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Farm showcase highlights growing trend toward local foods

By Staff | Jan 26, 2018

Vanessa McGuigan/Chronicle Leslie Randall and Lars Prillaman from Green Gate Farm in Shepherdstown.

Many Shepherdstown restaurants have been using and selling as much local food as possible for some time. The Community Garden Market on South Princess Street offers locally sourced groceries for purchase and, of course, the Shepherdstown Farmer’s Market operates every Sunday from March until late fall.

However, the organizers of the WVMD Farm Showcase, which took place at Town Run Tap House on Sunday, wanted an opportunity to promote some of the local farmers and herbalists in the panhandle and surrounding community.

Local farmers work long, hard hours to provide sustainably sourced produce and ethically raised meat, motivated by the reward of feeding the community.

John and Dori Goepel, from Milk and Honey farm in Smithsburg, Maryland, grow over 40 different varieties of vegetables on the farm and offer Community Supported Agriculture shares at an investment of 20 weeks for $600.

Goepel said people don’t have to volunteer to be part of the CSA, but occasionally they do ask for volunteers via a “call to arms” list to aid with skinning the greenhouse, weeding some of the crops and, of course, for harvest.

“We are a salad farm,” Goepel said. “We think it’s really important for family dinner. Everybody can come together and get a great bunch of nutrients locally from a salad and all the veggies that come along with it. That’s how we base our shares throughout the year.”

Milk and Honey, along with many of the other farms, is looking for summer interns. Goepel said the interns are helpful to them, but also they’re just trying to get people to farm.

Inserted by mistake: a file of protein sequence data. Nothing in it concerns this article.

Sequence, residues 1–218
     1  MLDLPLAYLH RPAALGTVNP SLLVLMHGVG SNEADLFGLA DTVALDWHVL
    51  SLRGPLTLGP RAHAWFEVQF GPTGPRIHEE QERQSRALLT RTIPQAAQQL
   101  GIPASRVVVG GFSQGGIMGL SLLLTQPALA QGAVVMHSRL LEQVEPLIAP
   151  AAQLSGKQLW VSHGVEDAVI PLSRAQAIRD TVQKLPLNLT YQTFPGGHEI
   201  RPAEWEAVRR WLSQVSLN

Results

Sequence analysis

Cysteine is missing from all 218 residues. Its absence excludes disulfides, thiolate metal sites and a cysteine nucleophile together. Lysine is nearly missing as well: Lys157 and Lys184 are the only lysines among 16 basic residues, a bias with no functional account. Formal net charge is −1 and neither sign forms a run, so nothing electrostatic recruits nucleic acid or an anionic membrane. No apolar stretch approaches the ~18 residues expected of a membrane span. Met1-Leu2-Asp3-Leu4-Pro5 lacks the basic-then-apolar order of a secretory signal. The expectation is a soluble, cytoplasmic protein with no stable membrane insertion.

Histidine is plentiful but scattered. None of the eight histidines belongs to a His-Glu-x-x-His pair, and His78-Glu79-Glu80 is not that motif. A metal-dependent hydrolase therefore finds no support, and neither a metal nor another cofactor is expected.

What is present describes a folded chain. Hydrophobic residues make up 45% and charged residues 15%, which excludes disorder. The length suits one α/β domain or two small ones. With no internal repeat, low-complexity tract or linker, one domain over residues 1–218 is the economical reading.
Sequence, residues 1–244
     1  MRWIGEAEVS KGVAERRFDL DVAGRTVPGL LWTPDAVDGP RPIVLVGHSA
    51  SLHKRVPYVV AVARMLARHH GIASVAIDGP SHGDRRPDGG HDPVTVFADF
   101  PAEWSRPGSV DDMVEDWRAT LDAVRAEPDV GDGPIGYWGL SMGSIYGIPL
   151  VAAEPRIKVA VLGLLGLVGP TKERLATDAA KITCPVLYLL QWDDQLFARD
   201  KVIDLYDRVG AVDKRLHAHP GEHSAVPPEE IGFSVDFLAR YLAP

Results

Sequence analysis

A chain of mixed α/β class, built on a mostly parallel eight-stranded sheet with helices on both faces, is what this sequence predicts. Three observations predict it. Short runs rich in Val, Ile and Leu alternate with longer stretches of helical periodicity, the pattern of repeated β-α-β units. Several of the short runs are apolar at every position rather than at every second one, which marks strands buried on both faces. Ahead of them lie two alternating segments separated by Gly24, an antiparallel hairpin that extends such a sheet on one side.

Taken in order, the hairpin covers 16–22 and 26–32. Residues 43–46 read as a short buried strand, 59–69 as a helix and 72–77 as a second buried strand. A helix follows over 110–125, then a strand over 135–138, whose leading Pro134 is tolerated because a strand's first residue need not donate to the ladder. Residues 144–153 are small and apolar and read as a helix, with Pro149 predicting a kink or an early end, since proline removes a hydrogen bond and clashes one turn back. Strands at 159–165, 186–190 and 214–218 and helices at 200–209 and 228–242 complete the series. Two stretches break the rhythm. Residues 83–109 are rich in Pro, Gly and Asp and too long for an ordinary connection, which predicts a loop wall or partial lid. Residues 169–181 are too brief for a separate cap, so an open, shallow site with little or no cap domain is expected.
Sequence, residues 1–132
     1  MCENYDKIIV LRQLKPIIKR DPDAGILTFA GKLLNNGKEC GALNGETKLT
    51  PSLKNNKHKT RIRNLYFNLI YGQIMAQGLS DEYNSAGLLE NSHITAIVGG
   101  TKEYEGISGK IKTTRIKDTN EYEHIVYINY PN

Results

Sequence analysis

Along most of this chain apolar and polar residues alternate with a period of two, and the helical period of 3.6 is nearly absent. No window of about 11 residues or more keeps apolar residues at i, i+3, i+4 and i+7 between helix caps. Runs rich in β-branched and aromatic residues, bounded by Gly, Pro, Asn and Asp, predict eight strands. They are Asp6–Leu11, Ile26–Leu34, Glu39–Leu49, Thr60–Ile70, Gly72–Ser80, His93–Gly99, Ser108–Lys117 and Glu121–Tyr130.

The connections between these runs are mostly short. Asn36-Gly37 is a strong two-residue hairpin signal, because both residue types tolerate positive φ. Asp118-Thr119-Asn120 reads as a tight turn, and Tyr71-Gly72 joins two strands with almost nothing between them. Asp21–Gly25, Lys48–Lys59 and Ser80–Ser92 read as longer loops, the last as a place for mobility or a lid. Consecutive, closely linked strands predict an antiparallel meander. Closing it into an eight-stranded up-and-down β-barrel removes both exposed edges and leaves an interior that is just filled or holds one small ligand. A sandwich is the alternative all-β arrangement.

“Internship is how I started,” Geopel said. “I interned for three years and I’m still learning every season. It’s really amazing to have mentors who have been in the industry and who know the market. We get stronger together.”

Goepel says joining a CSA is worth the investment.

“Community. The first word of the CSA is community,” she said. Not only are we supporting agriculture, we are truly supporting our neighbors. We’re supporting the region … We vote with our dollars, and if we’re investing in a farm, we are investing in the ideas behind it.”

As for the increased interest in consuming locally sourced foods, Geopel called it “the Appalachian revival,” and said in a world where nothing seems controllable, people are clamoring to get control of their health and the origins of their food sources.

Belle Prairie Farm is a Certified Naturally Grown farm in Big Pool, Maryland. CNG is a nonprofit alternative certification program tailored for small-scale, direct-market farmers using natural methods with the same standards as national USDA certifications.

“This certification can be trusted just like any national designation, but it’s less costly and feels more real because I go and inspect farms and other farmers come and inspect me, instead of having an outside person,” said owner Anis Elkharroubi. “I believe that small farms go above and beyond in terms of organic standards, and this (certification) is more centered on small farms.”

Green Gate Farm in Shepherdstown, owned and operated by Lars Prillaman and Leslie Randall, has a unique production method: it uses Percheron draft horses for much of the farm work. Prillaman says that anything someone would do with a tractor or a small farm truck, he does using the horses in harnesses. Green Gate Farm offers a CSA with pick up in Shepherdstown, Charles Town and Bethesda, Maryland.

Sacred Roots Herbal Sanctuary is helping to supply the demand of consumers who want to explore natural herbal medicines. Owner Hillary Banachowski said their focus is medicinal herbs.

“We want to empower people to take their health back into their own hands and grow their own healthcare,” Banachowski said. “With our healthcare system and with people’s finances and the way things are going, we wanted to be an antidote to (the system). Walk outside your door and I can show you 20 plants that will heal you that cost no money.”

Sacred Roots cultivates around 50 different herbs on its land, and offers classes that teach people how to make their own medicine.

Many of these farmers and growers attend either the Charles Town Farmer’s Market on Saturday mornings or the Shepherdstown Farmer’s Market on Sunday mornings during the market season. The farmer’s markets and the Community Garden Market grocery store all accept SNAP benefits to allow everyone to make healthy food choices.